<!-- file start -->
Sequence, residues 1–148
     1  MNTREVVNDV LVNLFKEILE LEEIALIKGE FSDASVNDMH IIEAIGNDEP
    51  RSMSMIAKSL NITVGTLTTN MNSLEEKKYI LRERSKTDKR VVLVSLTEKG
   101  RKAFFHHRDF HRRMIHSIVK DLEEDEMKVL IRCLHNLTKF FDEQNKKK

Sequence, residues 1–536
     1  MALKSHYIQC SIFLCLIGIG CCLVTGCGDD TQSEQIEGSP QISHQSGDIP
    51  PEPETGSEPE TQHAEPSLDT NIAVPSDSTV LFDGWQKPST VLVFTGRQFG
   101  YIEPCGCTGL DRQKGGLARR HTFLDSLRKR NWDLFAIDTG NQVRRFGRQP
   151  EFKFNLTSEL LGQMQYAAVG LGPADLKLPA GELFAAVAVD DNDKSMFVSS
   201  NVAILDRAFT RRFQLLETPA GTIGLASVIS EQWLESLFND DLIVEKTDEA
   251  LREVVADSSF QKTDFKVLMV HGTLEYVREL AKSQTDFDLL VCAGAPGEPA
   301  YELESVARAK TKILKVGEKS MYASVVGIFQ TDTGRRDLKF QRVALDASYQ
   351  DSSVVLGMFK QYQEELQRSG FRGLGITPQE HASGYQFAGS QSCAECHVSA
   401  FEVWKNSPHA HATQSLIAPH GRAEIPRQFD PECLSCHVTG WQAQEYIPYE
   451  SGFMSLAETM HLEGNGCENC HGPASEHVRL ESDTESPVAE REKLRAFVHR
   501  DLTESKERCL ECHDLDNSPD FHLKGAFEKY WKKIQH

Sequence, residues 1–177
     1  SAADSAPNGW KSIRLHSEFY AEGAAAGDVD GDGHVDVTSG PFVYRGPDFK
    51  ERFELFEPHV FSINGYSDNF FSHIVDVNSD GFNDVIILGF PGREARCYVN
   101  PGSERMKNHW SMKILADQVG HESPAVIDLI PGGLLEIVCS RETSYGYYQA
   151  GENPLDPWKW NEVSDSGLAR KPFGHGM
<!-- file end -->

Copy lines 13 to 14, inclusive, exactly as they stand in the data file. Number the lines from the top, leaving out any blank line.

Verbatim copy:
   351  DSSVVLGMFK QYQEELQRSG FRGLGITPQE HASGYQFAGS QSCAECHVSA
   401  FEVWKNSPHA HATQSLIAPH GRAEIPRQFD PECLSCHVTG WQAQEYIPYE